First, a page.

Both sides agreed, and the two presidents held separate press conferences, that the talks took place in a constructive atmosphere and that there were no threats from either side. Putin described Biden as a sensible and experienced politician, and Biden skillfully avoided journalistic insistence on how he explained to Putin why he called him a killer : “My explanation was good enough for him and that’s enough for me.” On the other hand, the pragmatic Putin indirectly referred to Biden’s statement, quoted so many times, that, looking Putin in the eye at a previous meeting, he concluded that he had no soul. “We do not have to look each other into eyes, searching for the soul, nor do we have to make eternal friendship”, said Putin.
A confirmation that it was a summit convened with no great expectations is the fact that neither Putin invited Biden to Moscow, nor was Putin invited by Biden to Washington. But, and again, even a little more than nothing, is much, especially when we take into account the circumstances in which the Geneva summit was held and all that happened in previous years.
Of course, the US side “recited” their compulsory program of complaints regarding Russia’s violations of human rights, including the statement that the deaths in jail of opposition leader Navalny would be “a disaster” for relations of the two countries. In doing so, Biden went a little too far, arguing that the struggle for human rights is something that is part of the American being, “it’s us,” consciously forgetting that the United States from their beginnings until the sixtieth of the last century denied basic human rights, initially even freedom, to all its colored citizens, that the first unit composed of colored Americans enlisted in the U.S. Army only in World War II (but separately from whites) , and that cases of racial discrimination even today happen practically on daily basis.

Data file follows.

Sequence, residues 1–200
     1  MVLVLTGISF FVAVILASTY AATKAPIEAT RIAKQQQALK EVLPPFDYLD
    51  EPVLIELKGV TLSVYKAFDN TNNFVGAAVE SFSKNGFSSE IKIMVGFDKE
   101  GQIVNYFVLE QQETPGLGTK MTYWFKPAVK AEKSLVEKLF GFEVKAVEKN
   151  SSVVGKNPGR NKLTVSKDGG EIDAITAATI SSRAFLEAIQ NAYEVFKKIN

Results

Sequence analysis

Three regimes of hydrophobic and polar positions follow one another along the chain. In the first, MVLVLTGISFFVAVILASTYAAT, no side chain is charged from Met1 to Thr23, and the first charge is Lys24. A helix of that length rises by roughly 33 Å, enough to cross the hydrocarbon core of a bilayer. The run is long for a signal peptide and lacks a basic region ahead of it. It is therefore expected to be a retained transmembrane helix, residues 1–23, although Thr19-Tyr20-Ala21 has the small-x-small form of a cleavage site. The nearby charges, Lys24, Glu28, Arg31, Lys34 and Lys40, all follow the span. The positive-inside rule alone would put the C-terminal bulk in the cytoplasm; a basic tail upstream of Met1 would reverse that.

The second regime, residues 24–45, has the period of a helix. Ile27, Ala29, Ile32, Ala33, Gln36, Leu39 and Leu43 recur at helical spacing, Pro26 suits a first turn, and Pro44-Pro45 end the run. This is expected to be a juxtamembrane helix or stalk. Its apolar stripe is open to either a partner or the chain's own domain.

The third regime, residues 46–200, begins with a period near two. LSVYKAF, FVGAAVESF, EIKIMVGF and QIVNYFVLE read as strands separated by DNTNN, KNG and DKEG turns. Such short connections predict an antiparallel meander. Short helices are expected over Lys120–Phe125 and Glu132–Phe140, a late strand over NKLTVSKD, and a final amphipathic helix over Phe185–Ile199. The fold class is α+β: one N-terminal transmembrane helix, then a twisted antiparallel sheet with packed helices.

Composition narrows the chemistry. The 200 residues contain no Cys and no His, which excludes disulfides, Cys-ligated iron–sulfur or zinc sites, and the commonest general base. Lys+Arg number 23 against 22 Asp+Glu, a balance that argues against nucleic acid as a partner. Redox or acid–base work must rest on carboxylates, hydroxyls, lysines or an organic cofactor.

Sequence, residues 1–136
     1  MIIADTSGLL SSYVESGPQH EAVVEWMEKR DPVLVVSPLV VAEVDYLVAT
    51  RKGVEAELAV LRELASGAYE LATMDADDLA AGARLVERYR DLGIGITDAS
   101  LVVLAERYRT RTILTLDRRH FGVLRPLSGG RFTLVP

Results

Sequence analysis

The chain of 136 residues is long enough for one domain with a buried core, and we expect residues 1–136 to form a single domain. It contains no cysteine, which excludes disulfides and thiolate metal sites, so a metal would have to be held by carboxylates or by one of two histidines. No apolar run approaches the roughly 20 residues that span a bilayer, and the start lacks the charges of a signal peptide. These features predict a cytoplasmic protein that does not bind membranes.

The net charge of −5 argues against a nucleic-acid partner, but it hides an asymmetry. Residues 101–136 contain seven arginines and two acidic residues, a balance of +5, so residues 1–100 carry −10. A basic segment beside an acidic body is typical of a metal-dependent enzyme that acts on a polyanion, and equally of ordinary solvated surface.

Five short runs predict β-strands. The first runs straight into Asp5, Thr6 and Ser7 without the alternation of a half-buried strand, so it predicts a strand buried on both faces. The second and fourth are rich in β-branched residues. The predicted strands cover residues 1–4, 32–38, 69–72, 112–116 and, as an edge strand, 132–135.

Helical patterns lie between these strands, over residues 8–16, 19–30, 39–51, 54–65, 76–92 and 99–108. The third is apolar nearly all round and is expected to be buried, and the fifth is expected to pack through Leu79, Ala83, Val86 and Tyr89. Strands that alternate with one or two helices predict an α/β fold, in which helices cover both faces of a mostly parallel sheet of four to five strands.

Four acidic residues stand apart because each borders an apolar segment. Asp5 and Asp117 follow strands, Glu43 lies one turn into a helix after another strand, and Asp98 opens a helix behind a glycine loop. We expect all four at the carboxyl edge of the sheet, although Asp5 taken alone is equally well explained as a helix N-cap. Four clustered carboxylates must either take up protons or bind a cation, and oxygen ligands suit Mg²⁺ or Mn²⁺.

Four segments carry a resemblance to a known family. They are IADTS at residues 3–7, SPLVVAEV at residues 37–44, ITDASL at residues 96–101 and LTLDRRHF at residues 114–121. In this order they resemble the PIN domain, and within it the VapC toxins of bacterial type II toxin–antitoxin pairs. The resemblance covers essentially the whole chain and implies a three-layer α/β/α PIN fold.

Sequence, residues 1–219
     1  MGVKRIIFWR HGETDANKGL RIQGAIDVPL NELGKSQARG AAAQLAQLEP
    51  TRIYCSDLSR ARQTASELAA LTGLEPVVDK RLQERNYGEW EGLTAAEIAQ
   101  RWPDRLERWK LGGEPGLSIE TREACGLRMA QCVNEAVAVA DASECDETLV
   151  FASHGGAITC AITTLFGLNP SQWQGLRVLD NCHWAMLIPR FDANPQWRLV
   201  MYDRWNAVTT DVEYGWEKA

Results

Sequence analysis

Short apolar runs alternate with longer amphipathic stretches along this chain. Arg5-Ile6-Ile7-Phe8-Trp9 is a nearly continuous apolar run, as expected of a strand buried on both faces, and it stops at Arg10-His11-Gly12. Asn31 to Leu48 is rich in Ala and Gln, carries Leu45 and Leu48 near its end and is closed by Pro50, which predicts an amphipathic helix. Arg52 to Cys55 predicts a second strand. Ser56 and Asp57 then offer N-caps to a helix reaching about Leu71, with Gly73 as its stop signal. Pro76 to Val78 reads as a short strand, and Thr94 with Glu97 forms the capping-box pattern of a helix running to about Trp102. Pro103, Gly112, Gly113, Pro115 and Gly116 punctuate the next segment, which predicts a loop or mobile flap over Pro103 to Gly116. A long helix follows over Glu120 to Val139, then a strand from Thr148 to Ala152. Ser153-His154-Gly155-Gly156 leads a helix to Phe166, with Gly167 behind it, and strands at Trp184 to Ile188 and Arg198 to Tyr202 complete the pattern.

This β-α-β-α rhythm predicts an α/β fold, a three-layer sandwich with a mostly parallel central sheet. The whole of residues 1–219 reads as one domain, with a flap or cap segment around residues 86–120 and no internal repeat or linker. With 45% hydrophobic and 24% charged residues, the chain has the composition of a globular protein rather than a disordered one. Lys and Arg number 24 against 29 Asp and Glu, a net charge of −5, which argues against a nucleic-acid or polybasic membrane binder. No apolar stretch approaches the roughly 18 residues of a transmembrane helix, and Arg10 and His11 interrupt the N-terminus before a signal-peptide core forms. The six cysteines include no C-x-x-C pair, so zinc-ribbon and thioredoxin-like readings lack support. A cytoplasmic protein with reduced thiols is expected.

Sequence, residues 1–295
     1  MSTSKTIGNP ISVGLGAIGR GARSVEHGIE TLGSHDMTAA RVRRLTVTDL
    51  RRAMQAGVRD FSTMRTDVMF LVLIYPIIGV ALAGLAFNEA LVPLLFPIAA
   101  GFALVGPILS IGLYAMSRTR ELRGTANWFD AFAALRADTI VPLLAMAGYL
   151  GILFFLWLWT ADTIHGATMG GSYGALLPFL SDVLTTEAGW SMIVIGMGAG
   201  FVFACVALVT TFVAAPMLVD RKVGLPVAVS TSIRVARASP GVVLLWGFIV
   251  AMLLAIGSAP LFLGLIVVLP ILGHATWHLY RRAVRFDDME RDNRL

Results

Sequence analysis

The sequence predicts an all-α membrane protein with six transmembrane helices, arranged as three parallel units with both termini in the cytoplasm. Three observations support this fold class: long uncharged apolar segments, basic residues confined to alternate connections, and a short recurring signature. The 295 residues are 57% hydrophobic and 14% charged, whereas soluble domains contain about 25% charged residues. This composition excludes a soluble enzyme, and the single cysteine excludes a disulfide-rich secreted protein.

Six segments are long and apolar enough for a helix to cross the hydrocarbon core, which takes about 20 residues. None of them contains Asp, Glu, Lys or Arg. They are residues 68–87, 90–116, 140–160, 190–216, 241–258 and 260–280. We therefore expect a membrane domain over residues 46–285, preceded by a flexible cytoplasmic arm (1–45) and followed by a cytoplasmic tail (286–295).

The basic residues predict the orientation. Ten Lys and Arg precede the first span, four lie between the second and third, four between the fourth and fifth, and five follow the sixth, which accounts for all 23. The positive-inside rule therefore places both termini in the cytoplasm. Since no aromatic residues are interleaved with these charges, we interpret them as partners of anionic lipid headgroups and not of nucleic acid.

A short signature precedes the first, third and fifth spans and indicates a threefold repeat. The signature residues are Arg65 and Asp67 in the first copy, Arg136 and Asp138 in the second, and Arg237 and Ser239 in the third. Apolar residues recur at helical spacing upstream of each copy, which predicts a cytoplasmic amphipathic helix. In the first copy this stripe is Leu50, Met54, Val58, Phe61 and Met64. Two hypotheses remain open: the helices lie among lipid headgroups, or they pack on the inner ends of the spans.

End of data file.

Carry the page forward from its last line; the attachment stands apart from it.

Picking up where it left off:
Putin, as it could have been expected, used this at his press conference to counter every question related to the human rights in Russia (what was by CNN, not denying anything of what Putin said, proclaimed as a return to the methods of Soviet propaganda). Too bad no one remembered to ask what the consequences would be and for whom if Julian Assange would die in jail.
Almost “under the radar” passed a significant concession made by the United States, ie the deviation from their previous position. The intention (however, this is just the announcement) to form a working group of the two countries to deal with the cyber attacks means that in silence the accusations that such attacks were staged by Russia, the Russian secret services, and even Putin himself, were abandoned.